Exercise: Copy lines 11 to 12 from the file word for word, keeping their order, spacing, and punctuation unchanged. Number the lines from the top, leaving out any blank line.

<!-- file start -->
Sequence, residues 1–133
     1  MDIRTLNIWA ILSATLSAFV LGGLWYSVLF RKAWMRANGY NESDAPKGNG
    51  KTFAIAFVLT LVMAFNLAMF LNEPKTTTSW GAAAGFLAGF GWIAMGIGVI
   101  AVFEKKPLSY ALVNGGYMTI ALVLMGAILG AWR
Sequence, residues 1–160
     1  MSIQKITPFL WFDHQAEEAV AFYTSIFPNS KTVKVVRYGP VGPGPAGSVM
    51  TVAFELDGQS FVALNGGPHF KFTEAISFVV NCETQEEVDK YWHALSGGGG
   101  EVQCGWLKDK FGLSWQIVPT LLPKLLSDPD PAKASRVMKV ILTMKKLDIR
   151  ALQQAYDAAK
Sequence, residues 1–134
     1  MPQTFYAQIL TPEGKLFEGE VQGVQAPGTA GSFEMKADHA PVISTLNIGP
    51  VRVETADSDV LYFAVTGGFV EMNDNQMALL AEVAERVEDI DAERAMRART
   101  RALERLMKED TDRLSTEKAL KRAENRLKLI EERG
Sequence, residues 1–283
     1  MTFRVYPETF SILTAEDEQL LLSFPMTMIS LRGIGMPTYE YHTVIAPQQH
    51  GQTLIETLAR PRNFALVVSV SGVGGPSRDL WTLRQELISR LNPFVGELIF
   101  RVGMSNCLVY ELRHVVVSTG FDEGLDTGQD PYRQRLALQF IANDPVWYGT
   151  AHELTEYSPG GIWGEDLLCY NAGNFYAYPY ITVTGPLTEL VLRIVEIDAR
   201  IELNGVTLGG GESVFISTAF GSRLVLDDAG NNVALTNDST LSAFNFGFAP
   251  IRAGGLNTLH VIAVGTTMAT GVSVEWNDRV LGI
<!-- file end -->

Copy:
     1  MPQTFYAQIL TPEGKLFEGE VQGVQAPGTA GSFEMKADHA PVISTLNIGP
    51  VRVETADSDV LYFAVTGGFV EMNDNQMALL AEVAERVEDI DAERAMRART